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Tuesday, 22 September 2020


Parents joy as charity prepares to provide services for disabled children once again

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NOTTINGHAM-based disabled children’s charity Footprints CEC is reopening its centre next week after a five-month closure due to the COVID-19 outbreak, providing much needed Conductive Education sessions for children and their families once again.

The Conductive Education Centre, which is based in Sneinton, provides sessions for families of children with mobility and communication difficulties across the East Midlands, teaching them everyday life skills that are often taken for granted such as eating, walking, speaking and socialising.

From the 10th August, the centre will be open with a reduced number of children and six members of staff five days a week. Just one face-to-face session will take place per day initially with the children that were unable to access virtual sessions – a significant reduction from the four sessions previously conducted. This will allow for social distancing to be implemented and robust cleaning before and after sessions.

To ensure the children remain safe, PPE will be utilised by staff and hands-on facilitation will be undertaken by the parent wherever possible. Staff and children will stay in fixed ‘bubbles’, to minimise risk and children will bring their own snacks and drinking vessels from home.

Although usual hands-on activities such as messy play won’t be available, the charity will ensure the sessions will be full of fun, singing and laughter.

Despite the physical centre being closed since the 16th March, the charity has still been providing its education services to families through virtual Zoom sessions, and these will continue for children that are still shielding. The virtual sessions include a mix of learning, exercises, songs, games and other activities.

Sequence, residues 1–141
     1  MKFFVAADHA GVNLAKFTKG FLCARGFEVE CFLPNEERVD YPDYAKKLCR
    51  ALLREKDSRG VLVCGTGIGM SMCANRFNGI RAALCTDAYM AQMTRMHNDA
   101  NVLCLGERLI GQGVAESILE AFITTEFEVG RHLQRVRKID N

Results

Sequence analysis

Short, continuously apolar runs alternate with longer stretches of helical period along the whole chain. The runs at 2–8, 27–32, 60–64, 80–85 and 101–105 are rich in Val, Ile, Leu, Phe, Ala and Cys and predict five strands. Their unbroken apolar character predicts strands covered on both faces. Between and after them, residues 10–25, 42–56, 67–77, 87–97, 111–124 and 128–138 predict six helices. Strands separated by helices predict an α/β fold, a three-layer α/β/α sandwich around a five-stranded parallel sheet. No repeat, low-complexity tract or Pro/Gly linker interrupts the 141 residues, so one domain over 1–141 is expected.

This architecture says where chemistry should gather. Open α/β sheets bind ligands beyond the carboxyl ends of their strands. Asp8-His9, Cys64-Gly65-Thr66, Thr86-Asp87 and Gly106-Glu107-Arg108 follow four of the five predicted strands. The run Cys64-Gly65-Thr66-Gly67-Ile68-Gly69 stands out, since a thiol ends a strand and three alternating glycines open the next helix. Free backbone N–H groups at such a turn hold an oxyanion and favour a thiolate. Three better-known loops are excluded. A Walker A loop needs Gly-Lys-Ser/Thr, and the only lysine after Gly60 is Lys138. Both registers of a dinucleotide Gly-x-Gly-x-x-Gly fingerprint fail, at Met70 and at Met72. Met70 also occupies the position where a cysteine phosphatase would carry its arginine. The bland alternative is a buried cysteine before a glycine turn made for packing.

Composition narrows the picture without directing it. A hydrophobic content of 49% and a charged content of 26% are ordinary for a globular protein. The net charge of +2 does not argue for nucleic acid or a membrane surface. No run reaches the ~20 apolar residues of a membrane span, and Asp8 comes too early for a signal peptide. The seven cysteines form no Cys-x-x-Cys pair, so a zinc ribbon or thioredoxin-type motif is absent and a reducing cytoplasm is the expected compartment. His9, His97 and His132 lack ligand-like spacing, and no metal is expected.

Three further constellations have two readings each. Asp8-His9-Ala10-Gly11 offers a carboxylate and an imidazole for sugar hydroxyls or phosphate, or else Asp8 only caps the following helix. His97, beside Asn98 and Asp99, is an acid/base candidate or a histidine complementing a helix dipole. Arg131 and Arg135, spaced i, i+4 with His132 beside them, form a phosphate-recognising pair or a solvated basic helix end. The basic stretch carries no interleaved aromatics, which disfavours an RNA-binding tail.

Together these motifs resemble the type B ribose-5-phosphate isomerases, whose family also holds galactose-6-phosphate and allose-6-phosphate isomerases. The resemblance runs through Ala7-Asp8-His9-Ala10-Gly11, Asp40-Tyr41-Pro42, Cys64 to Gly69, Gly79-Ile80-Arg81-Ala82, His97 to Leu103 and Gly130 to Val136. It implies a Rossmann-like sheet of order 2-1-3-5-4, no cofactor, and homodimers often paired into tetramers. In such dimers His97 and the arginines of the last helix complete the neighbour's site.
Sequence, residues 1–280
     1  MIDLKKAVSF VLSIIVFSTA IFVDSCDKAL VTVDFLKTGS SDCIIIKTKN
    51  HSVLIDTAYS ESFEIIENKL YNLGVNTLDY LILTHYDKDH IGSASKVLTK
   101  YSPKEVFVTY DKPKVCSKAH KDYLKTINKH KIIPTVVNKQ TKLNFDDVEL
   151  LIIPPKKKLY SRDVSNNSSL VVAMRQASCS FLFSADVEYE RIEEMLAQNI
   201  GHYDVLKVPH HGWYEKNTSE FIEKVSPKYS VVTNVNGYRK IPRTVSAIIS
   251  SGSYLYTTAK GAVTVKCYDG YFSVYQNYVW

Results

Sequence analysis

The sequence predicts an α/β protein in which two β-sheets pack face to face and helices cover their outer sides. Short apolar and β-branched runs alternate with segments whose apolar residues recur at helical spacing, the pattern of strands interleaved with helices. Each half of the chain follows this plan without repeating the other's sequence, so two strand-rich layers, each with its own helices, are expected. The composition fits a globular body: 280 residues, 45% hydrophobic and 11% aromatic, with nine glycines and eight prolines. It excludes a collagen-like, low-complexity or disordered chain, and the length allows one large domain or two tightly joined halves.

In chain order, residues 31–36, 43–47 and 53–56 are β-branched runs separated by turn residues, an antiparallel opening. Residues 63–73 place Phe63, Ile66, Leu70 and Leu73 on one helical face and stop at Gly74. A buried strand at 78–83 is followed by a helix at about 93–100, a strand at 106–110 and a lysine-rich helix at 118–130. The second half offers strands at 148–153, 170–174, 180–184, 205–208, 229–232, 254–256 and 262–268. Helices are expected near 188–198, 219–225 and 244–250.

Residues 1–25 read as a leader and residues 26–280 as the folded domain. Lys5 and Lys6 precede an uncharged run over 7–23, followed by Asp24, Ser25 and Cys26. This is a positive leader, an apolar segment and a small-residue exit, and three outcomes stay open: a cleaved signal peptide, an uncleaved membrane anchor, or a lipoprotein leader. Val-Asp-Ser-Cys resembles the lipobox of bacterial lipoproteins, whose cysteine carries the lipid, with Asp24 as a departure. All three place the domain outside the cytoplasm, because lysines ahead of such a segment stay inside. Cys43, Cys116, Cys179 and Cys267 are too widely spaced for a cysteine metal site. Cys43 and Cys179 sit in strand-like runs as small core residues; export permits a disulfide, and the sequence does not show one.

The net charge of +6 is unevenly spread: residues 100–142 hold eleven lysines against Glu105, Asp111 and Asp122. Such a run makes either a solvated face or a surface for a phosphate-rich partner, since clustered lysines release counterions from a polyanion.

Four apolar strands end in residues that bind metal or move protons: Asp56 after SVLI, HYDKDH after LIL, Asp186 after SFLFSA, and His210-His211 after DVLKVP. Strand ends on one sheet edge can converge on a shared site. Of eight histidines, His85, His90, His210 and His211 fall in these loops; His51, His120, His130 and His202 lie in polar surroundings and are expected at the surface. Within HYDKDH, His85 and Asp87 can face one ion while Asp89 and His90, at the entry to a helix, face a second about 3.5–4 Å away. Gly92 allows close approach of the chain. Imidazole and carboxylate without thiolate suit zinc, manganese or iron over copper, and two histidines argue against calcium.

Nathalie Bailey-Flitter, manager at Footprints CEC said:

“It’s been an incredibly long five months, but we are so delighted to announce that our beloved centre will be reopening once again.

“Although our physical sessions had to stop, we worked to ensure that there was no pause in our services, instead shifting to virtual learning, so the children have been able to continue their development.

“We still have lots to understand about the impact of the pandemic and expect there to be some teething problems initially – so the first few sessions back will be more focused on making sure the children are happy and comfortable.

“These past few months have taught us that your whole world can change overnight and that sometimes no amount of planning can safeguard your charity when a pandemic hits. We have certainly pulled together as a Footprints family and have received some incredible support.

“Thanks to a phenomenal effort from staff, trustees, ambassadors and families, we have been able to pay our bills for the duration of lockdown. However, we still remain concerned about the future. Emergency grant funds have been allocated and the general public is fundraising fatigued – we still have no idea when we will be able to re-run fundraising events.

“We want to say a big thank you to all of our families for their fantastic support throughout this challenging period of closure. We have enjoyed working with some via Zoom, and we’re looking forward to seeing those that can attend in person.

“At the start, we faced the dreadful reality of having to close our doors and were hugely concerned for our children as Conductive Education is a hands-on approach to learning that needs regular sessions. We’re excited to have come through such a stressful time to be back for our little ones, even though it all looks very different for now. We intend to run close sessions wherever possible, whilst ensuring COVID-19 safety precautions are adhered to.

“The big challenge now is to ensure we raise enough funds to stay open to continue providing vital sessions, so our children can truly get the best out of life.”

On the reopening, feedback from parents includes:

“We are very excited to get back to some kind of normal.”

“We would love to come back in August, ‘A’ is getting so much from the sessions over zoom, but I’m sure face-to-face would be better.”

“We feel that Footprints is probably one of the safest places to bring our daughter back to, and we would be happy to come back in August.”

The centre will be resuming its face to face sessions gradually on a phased basis as it begins to build up capacity.

Footprints has been an established charity in Nottingham for almost four decades, but its future is still uncertain. If you would like to support the charity, you can donate to its Keep Footprints Afloat campaign here: http://bit.ly/KeepFootprintsAfloat

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